After our whirlwind of meetings, we came up for air at the nearby Tortilla Coast pub to debrief with the AAAS organizers and with the other members of our CASE cohort who’d had meetings in Congress. Then it was time to bid adieu to DC – although we expect for many of us it will end up actually being “see you later!”

As a final note, we both want to say a huge thank you to Rackham for sponsoring this trip! We really appreciated the experience both personally and professionally - see below - and we hope that other students in the future will get as much out of these sorts of events as we did.

Pete’s reflection

Overall, I have to say that the best part about CASE had nothing to do with the formal program – the talks from big names in S&T policy, or the discussions of how Congress and the appropriations process work in practice, or the presentations on how to talk with government officials about research funding, useful as all those were. Rather, the best part was simply being around a group of intelligent and engaged people from all over the country, with highly diverse backgrounds, of various political persuasions, and seeing just how powerful rational, well-reasoned discourse can be - from the dinnertime conversation about education policy and funding structure with a former Teach for America-er from urban Tennessee, to picking Kristina’s brain about how to bridge the gap between the disparate timescales of scientific research and DC policymaking.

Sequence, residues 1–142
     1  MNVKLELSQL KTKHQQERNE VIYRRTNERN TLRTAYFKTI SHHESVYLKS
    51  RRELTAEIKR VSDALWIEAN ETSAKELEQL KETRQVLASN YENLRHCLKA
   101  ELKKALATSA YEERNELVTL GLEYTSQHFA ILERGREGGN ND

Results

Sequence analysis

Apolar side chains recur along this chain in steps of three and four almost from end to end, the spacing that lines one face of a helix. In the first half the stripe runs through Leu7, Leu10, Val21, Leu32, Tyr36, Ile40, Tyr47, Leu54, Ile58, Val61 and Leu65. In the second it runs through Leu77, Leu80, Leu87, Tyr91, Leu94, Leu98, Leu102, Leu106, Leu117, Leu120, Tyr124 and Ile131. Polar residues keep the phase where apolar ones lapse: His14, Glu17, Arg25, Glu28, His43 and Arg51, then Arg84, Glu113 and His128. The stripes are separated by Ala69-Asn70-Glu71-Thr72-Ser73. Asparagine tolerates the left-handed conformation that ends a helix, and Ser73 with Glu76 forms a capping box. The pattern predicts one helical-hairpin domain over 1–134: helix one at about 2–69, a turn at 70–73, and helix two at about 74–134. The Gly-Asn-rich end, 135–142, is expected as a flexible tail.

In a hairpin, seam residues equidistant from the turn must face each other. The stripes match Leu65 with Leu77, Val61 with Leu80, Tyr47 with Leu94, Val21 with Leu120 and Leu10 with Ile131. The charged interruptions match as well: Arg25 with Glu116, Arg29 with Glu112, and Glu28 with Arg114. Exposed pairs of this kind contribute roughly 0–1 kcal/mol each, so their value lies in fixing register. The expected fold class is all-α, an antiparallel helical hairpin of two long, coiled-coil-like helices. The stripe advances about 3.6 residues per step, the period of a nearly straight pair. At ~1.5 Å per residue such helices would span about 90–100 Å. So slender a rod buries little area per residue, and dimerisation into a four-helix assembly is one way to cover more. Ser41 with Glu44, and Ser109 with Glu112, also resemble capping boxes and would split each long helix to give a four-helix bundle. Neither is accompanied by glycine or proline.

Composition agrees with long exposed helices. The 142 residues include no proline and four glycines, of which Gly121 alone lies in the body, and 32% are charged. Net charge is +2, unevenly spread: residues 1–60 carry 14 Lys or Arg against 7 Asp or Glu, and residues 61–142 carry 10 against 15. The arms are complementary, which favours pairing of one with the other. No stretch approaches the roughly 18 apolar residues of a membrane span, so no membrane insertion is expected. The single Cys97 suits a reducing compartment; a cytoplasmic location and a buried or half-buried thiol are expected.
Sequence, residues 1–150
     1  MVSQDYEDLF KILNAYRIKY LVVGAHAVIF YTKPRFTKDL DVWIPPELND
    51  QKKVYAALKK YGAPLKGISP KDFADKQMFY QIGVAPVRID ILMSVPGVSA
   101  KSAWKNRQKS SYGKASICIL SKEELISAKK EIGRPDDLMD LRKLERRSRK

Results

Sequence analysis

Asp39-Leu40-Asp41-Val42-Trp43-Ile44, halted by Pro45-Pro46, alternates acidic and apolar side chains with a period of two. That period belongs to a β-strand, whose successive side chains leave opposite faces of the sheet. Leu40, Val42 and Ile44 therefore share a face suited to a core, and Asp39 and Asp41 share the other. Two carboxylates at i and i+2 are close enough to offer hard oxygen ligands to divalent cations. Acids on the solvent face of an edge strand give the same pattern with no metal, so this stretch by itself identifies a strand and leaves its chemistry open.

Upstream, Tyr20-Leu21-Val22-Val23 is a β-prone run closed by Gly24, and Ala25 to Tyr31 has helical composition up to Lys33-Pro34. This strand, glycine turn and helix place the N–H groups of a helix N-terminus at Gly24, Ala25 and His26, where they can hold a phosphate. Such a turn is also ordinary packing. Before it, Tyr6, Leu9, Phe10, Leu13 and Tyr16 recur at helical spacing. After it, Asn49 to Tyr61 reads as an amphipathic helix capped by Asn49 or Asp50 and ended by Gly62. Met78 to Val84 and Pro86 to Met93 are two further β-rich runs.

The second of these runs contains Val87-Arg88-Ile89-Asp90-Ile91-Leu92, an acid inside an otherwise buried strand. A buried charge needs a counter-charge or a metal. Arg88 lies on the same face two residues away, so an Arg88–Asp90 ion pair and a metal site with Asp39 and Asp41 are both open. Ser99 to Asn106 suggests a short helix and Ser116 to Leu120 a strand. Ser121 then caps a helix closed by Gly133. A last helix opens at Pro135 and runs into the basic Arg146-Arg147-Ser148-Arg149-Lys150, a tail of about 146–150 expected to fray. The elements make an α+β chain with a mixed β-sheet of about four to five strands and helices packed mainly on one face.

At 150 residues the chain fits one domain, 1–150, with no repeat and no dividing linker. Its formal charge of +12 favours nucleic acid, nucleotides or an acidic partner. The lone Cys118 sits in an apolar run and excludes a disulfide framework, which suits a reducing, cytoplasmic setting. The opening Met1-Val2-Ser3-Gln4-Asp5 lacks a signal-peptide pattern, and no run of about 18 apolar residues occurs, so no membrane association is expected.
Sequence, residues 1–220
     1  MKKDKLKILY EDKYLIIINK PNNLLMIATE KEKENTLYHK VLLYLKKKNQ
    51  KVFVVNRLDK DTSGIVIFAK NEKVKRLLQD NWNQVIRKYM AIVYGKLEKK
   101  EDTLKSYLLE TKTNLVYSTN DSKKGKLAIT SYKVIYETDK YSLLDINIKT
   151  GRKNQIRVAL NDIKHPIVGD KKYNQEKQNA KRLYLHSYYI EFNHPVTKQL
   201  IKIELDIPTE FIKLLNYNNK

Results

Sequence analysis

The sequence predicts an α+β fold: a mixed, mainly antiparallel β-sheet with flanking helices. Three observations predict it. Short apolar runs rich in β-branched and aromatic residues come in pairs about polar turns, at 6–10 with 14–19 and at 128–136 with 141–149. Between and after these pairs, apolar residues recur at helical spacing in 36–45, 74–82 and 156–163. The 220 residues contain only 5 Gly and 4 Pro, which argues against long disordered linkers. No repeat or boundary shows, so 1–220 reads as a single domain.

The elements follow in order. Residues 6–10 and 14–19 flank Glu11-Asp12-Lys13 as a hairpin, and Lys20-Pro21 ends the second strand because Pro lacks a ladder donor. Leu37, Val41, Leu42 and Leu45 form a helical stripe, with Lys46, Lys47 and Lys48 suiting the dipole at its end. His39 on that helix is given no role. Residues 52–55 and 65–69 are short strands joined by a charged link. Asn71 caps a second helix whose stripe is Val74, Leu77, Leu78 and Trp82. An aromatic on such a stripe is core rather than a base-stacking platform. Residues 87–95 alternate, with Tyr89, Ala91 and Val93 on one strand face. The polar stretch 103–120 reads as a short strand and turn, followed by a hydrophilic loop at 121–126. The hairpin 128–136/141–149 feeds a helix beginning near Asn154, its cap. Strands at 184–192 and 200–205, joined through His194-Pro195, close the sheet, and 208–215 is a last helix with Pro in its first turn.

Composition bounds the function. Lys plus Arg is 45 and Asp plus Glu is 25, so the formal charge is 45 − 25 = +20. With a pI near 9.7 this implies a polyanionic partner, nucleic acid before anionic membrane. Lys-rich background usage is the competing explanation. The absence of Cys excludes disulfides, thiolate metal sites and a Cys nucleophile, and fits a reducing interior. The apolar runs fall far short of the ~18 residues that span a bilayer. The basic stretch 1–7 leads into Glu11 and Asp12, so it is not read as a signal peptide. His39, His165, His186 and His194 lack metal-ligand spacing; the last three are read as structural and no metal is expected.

Setting aside emotions and preconceptions to really listen to each other and discuss important issues could go a long way towards addressing today’s pressing political, societal, and technological questions. It was really heartening to spend several days around a group of young scientists and policymakers who feel similarly, and I hope I can, er, catalyze these sorts of discussions both back here at U-M and wherever else my future career may lead.

Rachel’s reflection